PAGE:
Coming at the idea from a different perspective, Northern Lights Estate Winery specializes in fruit wines. “Everyone has a grandparent who used to make wine from berries,” says Doug Bell, operating partner. Bell has lived in Prince George since 1988 and is firmly invested in the community. “We want to enhance our culture up here, showcasing our beautiful city, the river, and everything we have,” he says. “Starting the winery made good sense.”
“Prince George has always been rich in agricultural history. We really feel this is an opportunity to start a new industry and develop and support agriculture in the region, as well as making value-added products right here.” As for the short growing season, he says they’re doing just fine. “We’re right on the Nechako River, where the soil is rich and we have a breeze that holds off frost a bit longer than other areas.” He also tips his hat to their farm manager, agriculturalist Noemie Touchette. “She is fabulous.”
Using varieties of berries and other fruit means the winery can produce three times a year. There’s a thirst for local product growing throughout northern BC. “We made a ‘seduction wine’,” says Bell, “a blend of rhubarb and strawberry that makes a blush wine that’s sweet and easy-drinking. It sold out within two weeks.” They’re also using local apples, haskap berries, goji berries and gooseberries.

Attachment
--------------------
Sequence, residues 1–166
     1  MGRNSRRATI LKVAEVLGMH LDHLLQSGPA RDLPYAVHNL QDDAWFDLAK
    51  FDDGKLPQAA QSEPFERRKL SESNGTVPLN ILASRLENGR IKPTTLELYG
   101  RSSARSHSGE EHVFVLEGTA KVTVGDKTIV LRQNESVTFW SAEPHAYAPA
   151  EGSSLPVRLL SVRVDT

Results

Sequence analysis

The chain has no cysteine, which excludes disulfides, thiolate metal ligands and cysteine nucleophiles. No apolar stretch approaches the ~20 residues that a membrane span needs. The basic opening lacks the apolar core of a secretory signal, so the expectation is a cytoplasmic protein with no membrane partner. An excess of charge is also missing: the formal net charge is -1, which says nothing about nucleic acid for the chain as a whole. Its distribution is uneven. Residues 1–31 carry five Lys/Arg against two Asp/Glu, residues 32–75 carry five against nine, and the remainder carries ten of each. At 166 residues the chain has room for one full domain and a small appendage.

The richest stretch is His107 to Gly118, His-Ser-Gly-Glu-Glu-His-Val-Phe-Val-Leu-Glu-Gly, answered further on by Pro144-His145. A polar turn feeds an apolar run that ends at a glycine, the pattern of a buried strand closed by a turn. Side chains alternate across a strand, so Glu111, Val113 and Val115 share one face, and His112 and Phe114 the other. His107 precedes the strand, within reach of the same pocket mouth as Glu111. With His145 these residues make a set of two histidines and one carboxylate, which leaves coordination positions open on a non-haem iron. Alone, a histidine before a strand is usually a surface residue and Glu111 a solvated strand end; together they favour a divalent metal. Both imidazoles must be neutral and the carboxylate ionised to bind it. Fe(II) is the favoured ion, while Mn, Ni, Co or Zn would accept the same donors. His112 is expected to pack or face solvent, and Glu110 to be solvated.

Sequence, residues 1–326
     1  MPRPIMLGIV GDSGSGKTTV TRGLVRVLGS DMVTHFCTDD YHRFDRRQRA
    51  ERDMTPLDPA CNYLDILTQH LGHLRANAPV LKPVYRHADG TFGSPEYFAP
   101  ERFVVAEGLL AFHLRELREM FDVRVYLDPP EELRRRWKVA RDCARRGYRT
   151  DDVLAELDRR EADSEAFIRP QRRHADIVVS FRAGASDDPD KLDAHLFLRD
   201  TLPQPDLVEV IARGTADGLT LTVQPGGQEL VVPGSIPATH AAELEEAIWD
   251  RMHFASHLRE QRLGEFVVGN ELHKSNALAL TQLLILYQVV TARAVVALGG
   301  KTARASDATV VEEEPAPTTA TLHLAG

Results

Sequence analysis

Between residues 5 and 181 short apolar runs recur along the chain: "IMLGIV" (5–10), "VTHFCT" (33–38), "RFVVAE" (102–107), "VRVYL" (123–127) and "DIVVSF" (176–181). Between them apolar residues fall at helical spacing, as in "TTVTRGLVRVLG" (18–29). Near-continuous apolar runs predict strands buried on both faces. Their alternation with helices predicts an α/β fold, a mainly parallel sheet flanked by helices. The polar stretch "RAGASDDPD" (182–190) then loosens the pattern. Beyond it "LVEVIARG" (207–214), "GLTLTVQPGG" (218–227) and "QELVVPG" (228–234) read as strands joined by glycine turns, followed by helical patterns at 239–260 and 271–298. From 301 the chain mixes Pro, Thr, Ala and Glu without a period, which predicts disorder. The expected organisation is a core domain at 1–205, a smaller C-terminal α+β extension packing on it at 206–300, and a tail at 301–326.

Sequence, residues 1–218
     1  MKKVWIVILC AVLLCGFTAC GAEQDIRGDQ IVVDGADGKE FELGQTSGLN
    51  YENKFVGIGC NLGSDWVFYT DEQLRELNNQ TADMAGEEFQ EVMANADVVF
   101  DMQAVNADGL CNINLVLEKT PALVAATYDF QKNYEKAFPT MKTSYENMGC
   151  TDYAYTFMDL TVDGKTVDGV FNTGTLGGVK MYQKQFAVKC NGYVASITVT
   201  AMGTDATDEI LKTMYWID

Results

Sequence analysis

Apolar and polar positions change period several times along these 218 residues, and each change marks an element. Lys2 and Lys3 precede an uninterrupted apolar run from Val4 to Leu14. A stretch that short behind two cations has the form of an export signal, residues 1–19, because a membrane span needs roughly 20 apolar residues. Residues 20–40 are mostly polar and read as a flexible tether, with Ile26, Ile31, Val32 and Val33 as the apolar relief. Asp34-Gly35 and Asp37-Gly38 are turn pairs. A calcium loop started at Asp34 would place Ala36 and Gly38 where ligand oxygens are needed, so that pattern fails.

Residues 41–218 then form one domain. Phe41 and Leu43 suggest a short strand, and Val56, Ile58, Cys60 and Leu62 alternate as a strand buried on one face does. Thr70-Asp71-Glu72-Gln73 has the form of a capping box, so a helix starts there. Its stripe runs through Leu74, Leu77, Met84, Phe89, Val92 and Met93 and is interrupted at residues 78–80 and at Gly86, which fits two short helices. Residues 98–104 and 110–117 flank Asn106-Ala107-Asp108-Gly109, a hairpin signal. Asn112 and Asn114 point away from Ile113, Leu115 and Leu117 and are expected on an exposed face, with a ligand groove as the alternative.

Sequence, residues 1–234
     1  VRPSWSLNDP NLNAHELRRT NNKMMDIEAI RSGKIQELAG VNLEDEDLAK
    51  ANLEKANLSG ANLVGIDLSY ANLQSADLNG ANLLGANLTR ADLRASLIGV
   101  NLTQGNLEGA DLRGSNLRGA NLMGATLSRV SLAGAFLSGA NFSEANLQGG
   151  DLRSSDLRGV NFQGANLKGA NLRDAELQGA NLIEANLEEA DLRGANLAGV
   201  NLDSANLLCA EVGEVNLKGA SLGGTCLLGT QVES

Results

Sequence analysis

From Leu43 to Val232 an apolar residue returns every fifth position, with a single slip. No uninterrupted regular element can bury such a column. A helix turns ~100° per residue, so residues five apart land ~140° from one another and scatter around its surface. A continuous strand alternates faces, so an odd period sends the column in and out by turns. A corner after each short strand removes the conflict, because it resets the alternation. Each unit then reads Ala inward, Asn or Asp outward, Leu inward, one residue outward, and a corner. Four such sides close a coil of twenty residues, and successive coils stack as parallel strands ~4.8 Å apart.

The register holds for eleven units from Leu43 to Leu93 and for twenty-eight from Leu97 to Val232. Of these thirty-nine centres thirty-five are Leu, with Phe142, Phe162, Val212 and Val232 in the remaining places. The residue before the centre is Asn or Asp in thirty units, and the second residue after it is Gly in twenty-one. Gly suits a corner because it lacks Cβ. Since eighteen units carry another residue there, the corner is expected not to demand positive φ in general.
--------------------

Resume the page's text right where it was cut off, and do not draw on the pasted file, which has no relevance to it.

“One-hundred percent of our fruit comes from BC,” says Bell, citing partnerships with local and regional orchards as the most exciting part of developing the winery. “People want to buy local,” he says. “I see the northern region as one entity. We are a winery built in the North, for the North.”
Currently, Northern Lights Estate wines can only be found in Prince George with the exception of the tasting lounge at Three Ranges Brewing in Valemount, but plans to expand are in the works for 2016. Find them online at northernlightswinery.ca.
Further afield, Barkerville Brewing in Quesnel (barkervillebeer.com) has been consistently putting out a solid product, available in cold beer and wine stores across the north. Further still, Valemount’s Three Ranges Brewing (threeranges.com) is making a splash in its small community and across the province.
And of course, how could we forget one of BC’s oldest breweries, Pacific Western (pwbrewing.net). Located in Prince George since 1957, PWB produces a wide variety of beers including the Cariboo line, Scandal organic beers and Canterbury, among others.
Chances are high that these producers won’t be the only ones in northern BC for long, with a thirsty population eager to drink local.